It is five years since Bronx-born British-based poet Michael Donaghy died, suddenly, at the age of 50. As I've written elsewhere (on several occasions) Donaghy is the fourth most influential American poet to come and live and work in Britain, in the 20th century, in the same group of four as Eliot, Pound, Plath.
This is not to say he revolutionised poetry like the first two, or emotionalised it like the third, just listed - but his immense stylistic influence on an entire generation of mainstream lyric British (and particularly English and Scottish) poets is ongoing, and can be clearly traced in the work of poets like Don Paterson and John Stammers. Donaghy was unusually charismatic, funny, and talkative, and also smart. He loved musicality in verse, and he loved ideas in tune with that music.
His work is no surprise to anyone who knows the work of James Merrill, or John Hollander, or Daryl Hine - it is Yankee Wit writ large, and guided by Donne and Auden. What makes Donaghy perhaps distinct is that he seems to be the least known major poet of the last 30 years - at least in America. Picador has just published two handsome and incredibly useful, welcome volumes, Collected Poems, and The Shape of the Dance.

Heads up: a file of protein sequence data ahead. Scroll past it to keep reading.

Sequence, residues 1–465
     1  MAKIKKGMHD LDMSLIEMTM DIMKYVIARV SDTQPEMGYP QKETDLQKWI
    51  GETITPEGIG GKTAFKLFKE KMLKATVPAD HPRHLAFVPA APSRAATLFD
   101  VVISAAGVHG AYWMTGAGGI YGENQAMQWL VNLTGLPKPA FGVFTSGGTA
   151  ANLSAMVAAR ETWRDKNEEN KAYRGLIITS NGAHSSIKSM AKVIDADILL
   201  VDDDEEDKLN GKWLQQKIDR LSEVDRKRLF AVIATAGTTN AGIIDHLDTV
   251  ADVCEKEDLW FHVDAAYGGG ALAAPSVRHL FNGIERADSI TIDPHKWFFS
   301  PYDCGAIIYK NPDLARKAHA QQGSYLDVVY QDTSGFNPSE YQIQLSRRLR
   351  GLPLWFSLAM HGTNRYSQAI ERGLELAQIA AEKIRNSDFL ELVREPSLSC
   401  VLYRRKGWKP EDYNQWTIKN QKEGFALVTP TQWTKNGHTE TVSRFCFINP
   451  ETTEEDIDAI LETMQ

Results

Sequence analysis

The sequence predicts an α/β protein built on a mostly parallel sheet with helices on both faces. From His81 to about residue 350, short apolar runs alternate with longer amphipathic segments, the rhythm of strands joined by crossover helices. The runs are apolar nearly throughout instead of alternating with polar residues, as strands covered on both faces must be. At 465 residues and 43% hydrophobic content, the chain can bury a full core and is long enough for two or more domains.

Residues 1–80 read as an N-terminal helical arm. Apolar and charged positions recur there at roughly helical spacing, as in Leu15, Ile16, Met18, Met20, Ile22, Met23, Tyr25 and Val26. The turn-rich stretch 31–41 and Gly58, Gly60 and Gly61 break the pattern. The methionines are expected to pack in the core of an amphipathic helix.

They will firmly place Michael Donaghy in the canon in the UK for the next 50 years, or more. He has been well and honourably served by his friends and admirers. It is an unfortunate aspect of the excitement around his work that it is sometimes read as a slap at anything experimental. However, the battle, in Britain, over discursive lyricism and Olsonesque intertextuality needs to be somewhat leavened by tolerance. This is not the post to review these works, but I do recommed them here.